This paragraph corresponds to the first sentence in the second paragraph of prior 13.00D, “Effects of Therapy.” We state our basic adjudicative principle that, if your impairment(s) does not meet or medically equal the requirements of a listing, we will continue the sequential evaluation process to determine whether you are disabled. Start Printed Page 67021

13.00G—How Do We Consider the Effects of Therapy?

We are reorganizing the guidance in prior 13.00D, “Effects of Therapy.” In final 13.00G2a, we are adding “extent of surgery” and “schedule and fields of radiation therapy” to the list of the elements of therapy for which we will request a description noted in the second paragraph of prior 13.00D. In final 13.00G2b, we are adding “neurological complications” and “cardiovascular complications” to the list of examples of complications or adverse effects for which we will request a description. We are also clarifying that we will not delay adjudication to determine whether the therapy has achieved its intended effect if we can make a fully favorable determination or decision based on the evidence in the case record.

13.00H—How Long Do We Consider Your Impairment To Be Disabling?

We are incorporating and expanding the guidance contained in the third paragraph of prior 7.00E, “Acute leukemia,” and the fifth paragraph of prior 13.00C, “Evaluation.” In some of the listings, we specify that we consider an impairment to be disabling until a particular point in time; for example, at least 18 months from the date of diagnosis. If you have an impairment(s) that meets or equals a listing in this body system that does not contain such a specification, we provide that we will consider the impairment(s) to be disabling until at least 3 years after onset of complete remission. We also explain what we do when the appropriate time period has passed.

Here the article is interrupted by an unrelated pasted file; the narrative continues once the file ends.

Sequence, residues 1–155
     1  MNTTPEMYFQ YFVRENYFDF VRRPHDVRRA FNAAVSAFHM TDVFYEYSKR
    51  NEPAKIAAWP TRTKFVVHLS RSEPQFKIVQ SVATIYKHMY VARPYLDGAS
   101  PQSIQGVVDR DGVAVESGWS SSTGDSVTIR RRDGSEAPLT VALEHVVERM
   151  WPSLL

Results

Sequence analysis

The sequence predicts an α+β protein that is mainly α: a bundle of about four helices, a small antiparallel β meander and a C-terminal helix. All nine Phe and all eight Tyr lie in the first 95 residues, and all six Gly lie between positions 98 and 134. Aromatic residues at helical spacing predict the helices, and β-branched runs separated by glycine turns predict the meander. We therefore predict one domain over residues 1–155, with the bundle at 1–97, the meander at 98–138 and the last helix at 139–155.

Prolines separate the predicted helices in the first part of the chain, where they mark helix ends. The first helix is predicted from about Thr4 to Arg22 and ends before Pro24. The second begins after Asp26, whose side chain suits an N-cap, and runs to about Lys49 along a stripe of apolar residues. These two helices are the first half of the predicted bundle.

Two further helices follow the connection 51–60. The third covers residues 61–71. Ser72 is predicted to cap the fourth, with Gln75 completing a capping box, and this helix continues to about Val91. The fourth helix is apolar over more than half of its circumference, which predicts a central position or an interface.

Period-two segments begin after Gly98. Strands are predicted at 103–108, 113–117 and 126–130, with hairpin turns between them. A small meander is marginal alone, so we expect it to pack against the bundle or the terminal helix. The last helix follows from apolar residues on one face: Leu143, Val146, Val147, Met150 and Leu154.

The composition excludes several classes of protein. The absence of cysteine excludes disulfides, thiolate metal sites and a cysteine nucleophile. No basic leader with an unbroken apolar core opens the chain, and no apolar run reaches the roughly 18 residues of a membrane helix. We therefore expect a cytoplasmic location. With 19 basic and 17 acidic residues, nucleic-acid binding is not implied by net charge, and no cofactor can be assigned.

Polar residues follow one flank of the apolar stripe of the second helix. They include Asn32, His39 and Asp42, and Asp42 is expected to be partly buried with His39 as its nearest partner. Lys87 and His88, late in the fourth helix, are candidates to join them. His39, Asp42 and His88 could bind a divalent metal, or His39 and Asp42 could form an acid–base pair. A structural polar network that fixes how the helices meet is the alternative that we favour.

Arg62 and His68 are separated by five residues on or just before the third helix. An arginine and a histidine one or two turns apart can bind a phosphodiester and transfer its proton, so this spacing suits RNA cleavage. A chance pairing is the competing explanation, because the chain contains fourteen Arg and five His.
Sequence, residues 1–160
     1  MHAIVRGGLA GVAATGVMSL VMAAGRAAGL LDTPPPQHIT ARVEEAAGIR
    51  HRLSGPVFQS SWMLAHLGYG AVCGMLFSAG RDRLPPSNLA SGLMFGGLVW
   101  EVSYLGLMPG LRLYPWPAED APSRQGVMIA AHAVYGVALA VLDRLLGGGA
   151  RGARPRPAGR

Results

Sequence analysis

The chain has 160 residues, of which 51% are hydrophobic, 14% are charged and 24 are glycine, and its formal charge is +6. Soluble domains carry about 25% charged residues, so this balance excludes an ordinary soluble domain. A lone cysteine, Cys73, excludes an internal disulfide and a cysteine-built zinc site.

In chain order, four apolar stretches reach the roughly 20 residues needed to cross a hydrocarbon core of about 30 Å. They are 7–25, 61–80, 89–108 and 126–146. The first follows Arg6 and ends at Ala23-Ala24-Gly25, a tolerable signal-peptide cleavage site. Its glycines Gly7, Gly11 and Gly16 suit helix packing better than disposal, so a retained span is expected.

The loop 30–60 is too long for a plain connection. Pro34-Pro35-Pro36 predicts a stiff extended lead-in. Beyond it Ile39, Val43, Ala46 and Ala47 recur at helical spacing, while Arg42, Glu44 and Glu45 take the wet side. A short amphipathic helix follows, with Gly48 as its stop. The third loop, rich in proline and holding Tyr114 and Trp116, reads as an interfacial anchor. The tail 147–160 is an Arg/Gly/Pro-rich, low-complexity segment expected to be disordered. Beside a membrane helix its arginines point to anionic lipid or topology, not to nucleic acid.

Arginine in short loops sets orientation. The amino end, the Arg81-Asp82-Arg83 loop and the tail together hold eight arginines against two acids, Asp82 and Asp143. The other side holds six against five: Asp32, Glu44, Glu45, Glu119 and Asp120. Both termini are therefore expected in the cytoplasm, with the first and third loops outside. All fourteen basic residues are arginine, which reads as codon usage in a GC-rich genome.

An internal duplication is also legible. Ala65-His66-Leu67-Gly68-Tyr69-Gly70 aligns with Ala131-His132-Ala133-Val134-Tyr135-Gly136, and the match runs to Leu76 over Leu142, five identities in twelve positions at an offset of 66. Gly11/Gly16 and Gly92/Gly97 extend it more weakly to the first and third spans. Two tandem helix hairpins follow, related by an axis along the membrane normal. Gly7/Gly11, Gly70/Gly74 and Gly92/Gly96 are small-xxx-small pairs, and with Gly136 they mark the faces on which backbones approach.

For those listings in which we specify that the impairment is considered disabling until a particular point in time, such as listing 13.28, the beginning date specified is not related to the onset date. We can establish an earlier onset date if the evidence in your case record supports the earlier onset date, as we explain in final 13.00J.

13.00I—What Do These Terms in the Listings Mean?

We are revising the first two paragraphs and the first sentence of the third paragraph of prior 13.00C, “Evaluation,” and providing additional definitions. The prior section contained an adjudicative definition of “distant metastases” and “metastases beyond the regional lymph nodes.” We are not retaining this definition because our use of these terms in the final listings is consistent with current clinical practice. We are also adding definitions in order to differentiate between the terms “inoperable” and “unresectable.”

13.00J—Can We Establish the Existence of a Disabling Impairment Prior to the Date of the Evidence That Shows the Malignancy Satisfies the Criteria of a Listing?

This section corresponds to prior 13.00E, “Onset.” We are making no substantive changes.

13.00K—How Do We Evaluate Specific Malignant Neoplastic Diseases?

We are incorporating and clarifying prior 7.00E, “Acute leukemia,” and the last sentence of the third paragraph in prior 13.00C, “Evaluation,” and providing guidance for evaluating additional malignant neoplastic disorders. The following is a detailed discussion of the information provided.